Lloyd Alvarez has a few points to make. So sit up straight and pay attention.
For those who don’t recognize the name, Lloyd is best known for being the founder of aescripts + aeplugins, a marketplace for digital tools.
He has built and sold products to make our lives easier, our workflow more efficient, and to help us create effects that we otherwise couldn’t achieve.
See what I did there? I didn’t say anything about “scripts.”
That’s Point One.
For Lloyd, people get too attached to the idea of scripts. “They’re all just tools,” he explained to me. “Tools that help you do your job better.”
Unfortunately for Lloyd, there has been a negative perception in the mograph community about scripts for some time now, especially in comparison to their big city cousins — plugins.
We think it’s normal to pay hundreds of dollars for a plugin, but outrageous to pay ten dollars for a script.
It’s a subtle thing, but on some level plugins feel reliable, professional, and safe. We imagine them being developed by big teams of responsible, professional coders in some shiny office with a great view of some impressive landmark.
But scripts? Not so much. Those we picture being hand-coded by individual animators in their underwear, in a basement, in between bong hits, Xbox sessions and marathon Reddit trolling.
To put it in a different way: we think it’s normal to pay hundreds of dollars for a plugin, but outrageous to pay ten dollars for a script.
Point Two. This irritates Lloyd.
“I can’t tell you how infuriated I get when I meet someone who just bought a five dollar cup of coffee, and says ‘Ten dollars for that script? That’s fucking nuts’.”
Because, Point Three. It takes a lot of time and energy to develop any successful tool, no matter what you call it.
For Lloyd, the public perception about scripts is wrong, or at least outdated. That’s a problem. He has been focused on changing it for some time now, but despite a lot of success in this area, it persists.
Ironically, if there was one person who helped create this reputation of scripts as quasi-professional freebie tools made by underwear-clad tinkerers, it was Lloyd.
To understand why, let’s back up a second.
Did you know that Lloyd is quadrilingual?
That’s right. Before he was a freelance creative director for shops like the Mill and Tröllback, Lloyd was born in Mexico City, where he went to a German school, then went to college in Florida and studied Russian.
Putting his ease with languages to good use, Lloyd learned to code. Around the end of his time freelancing as a creative director, he wrote a small program in the relatively-new After Effects scripting language that allowed his team of animators to continue working while rendering invisibly in the background.
In other words, Background Renderer. The first script.
Here’s the thing. It worked well and was very useful, and Lloyd was proud of that. He wanted to share it with his friends who worked in the same field, so he distributed it himself for free over IM. His friends did the same thing for their friends.
But right there we have the problem. The reputation that irks Lloyd so much to this very day. The underwear perception, as it were.
Here’s the first script, the introduction of this concept into the community, and it was developed by one guy and given away for free. Despite being excellent tools, all of the early scripts followed the same model.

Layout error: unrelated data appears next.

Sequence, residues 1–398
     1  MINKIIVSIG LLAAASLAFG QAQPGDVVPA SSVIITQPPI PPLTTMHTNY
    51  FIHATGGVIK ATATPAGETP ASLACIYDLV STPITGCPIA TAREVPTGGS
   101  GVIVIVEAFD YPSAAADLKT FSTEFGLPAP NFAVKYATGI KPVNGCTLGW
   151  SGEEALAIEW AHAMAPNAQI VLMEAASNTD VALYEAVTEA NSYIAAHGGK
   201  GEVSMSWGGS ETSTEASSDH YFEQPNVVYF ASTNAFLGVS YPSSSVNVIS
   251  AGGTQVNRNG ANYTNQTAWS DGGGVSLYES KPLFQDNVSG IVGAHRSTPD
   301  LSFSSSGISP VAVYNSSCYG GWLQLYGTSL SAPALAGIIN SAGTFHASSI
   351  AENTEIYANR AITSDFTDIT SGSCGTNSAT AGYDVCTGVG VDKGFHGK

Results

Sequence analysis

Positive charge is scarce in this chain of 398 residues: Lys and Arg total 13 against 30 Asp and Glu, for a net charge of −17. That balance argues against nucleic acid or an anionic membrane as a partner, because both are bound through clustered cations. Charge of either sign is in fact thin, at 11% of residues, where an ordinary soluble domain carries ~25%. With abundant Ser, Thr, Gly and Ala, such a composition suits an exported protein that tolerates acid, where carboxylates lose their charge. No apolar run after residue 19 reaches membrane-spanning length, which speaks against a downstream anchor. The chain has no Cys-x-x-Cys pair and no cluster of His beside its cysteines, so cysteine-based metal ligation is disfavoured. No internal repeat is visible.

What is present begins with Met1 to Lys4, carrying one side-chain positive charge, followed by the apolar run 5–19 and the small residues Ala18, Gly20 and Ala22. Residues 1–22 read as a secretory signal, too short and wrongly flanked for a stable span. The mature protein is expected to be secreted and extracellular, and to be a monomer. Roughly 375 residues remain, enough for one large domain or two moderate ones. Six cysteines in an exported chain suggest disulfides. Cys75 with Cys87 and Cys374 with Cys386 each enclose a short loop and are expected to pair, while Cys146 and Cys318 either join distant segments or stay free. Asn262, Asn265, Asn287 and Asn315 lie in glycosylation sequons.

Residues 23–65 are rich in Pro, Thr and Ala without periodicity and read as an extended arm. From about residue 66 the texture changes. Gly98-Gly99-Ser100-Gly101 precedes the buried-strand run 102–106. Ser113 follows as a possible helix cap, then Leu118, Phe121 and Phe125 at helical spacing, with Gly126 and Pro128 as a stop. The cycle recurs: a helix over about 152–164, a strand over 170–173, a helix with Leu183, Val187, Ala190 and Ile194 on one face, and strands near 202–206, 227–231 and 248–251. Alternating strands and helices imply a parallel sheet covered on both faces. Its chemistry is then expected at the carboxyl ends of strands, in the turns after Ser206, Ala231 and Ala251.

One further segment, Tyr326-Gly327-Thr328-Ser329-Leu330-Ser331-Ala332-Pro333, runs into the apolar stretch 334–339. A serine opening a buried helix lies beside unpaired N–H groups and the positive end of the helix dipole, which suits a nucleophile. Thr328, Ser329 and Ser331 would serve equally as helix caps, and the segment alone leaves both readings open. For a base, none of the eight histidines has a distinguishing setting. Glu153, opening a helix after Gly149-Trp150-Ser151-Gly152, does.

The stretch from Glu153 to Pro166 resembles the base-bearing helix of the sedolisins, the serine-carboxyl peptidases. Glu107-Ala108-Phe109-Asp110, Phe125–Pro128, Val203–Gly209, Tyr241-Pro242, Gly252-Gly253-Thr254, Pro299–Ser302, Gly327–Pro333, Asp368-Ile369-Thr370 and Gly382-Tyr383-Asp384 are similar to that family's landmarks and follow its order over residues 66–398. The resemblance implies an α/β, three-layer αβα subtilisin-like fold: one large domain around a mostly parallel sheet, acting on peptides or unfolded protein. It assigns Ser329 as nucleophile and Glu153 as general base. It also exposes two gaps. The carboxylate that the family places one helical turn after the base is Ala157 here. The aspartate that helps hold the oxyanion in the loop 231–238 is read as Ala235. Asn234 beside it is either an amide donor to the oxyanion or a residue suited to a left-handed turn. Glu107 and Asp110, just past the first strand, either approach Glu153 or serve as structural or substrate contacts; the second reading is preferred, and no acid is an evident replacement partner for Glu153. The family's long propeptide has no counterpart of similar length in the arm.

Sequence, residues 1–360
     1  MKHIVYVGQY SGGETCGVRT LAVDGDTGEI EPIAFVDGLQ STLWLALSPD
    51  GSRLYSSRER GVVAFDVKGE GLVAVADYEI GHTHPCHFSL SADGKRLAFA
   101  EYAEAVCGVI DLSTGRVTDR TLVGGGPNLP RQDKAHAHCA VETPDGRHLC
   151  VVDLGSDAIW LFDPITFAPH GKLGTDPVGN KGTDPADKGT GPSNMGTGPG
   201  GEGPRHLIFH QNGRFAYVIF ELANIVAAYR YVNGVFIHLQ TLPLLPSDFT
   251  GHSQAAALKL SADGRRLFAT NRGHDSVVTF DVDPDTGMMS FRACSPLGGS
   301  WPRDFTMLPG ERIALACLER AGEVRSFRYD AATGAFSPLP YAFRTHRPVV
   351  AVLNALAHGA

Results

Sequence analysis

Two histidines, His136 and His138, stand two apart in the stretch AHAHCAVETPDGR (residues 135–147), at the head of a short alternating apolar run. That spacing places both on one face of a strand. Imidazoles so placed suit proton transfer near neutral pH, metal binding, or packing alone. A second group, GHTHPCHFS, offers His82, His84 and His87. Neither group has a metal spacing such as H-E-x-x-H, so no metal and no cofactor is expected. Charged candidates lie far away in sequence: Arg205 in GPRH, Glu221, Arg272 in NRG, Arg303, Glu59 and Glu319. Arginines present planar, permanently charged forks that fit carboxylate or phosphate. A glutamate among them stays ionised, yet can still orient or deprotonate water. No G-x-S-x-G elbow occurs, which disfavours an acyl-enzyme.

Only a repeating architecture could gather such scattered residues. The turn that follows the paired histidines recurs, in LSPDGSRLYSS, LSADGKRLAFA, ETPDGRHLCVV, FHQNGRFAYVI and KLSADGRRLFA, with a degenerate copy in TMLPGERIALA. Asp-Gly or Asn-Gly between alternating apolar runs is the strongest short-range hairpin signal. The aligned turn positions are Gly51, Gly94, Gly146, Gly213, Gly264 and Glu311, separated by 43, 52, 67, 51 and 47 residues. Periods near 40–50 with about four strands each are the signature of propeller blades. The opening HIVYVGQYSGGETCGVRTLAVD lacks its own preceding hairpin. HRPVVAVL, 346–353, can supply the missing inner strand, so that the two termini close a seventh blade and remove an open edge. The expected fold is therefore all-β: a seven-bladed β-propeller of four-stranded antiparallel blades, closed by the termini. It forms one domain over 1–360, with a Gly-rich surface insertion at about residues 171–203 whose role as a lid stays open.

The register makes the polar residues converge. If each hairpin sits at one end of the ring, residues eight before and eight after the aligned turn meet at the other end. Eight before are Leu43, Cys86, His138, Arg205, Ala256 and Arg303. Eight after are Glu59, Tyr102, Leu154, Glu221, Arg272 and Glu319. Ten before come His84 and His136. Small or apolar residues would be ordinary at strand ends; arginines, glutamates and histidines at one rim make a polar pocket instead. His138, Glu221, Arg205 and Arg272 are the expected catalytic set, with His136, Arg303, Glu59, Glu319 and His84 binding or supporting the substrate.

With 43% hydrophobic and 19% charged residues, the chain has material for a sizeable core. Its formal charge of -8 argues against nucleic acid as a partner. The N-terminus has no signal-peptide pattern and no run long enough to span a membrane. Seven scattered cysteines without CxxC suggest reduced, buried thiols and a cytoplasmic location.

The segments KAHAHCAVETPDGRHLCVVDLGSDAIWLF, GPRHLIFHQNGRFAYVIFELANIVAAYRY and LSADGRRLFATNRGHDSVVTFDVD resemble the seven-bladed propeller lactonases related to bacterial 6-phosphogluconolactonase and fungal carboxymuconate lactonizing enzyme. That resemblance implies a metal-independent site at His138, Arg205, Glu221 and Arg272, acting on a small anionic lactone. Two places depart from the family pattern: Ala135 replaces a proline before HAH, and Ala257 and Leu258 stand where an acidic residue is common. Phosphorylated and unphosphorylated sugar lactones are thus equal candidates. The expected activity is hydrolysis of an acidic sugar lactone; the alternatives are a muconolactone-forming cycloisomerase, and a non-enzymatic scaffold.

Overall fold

Lloyd learned first-hand how difficult it is to make money selling products that people think of as cheap, unprofessional and a little rough around the edges.
It didn’t help that in 2008, when it came time to choose a name for his online marketplace, Lloyd chose “aescripts.com.” At the time it made perfect sense. The only products for sale were scripts specifically designed for use with After Effects.
But ultimately it was a mistake from a business perspective. Lloyd learned first-hand how difficult it is to make money selling products that people think of as cheap, unprofessional and a little rough around the edges.
It worked for Radiohead…
Similarly, Lloyd’s decision to sell the first scripts on his site as “Name Your Own Price” was a double-edged sword. What worked so well for Radiohead around the same time had a different effect on aescripts.com. It helped put them on the map, for sure, and slowly pushed the ball forward on the current trend toward scripts as legitimate products and tools. But most people still paid zero.
The good news is that the perception has shifted a lot from 2008, thanks in part to Lloyd’s efforts. His marketplace itself has branched out considerably since the early days. It’s no longer just scripts, and it’s no longer just for After Effects.
While they still offer many Name Your Own Price products, most of the tools for sale are fully licensed and reasonably priced between $30 and $100.
The once-lowly script itself has evolved considerably since 2008. Paint & Stick, Squall, and CompCode — all released in the last six months — jump to mind immediately as incredibly sophisticated, technical tools that would have been unimaginable a few years ago.
Finally, as more designers and animators have gotten involved in the process of making their own tools, they have brought their expertise from the worlds of advertising and marketing to the presentation and packaging of their scripts.
Scripts are now seen as brands and marketed as such. Snazzy explainer videos and looping GIFs have replaced boring, long-winded technical demos as the front face of these tools, much to the relief of anyone who might purchase one.
As for Lloyd, his life has also continued to evolve. He gets to spend a lot of time with his one-year-old son now, something he cherishes.
The best part?
Point Four: “I don’t have to deal with clients. That puts me in a good mood.”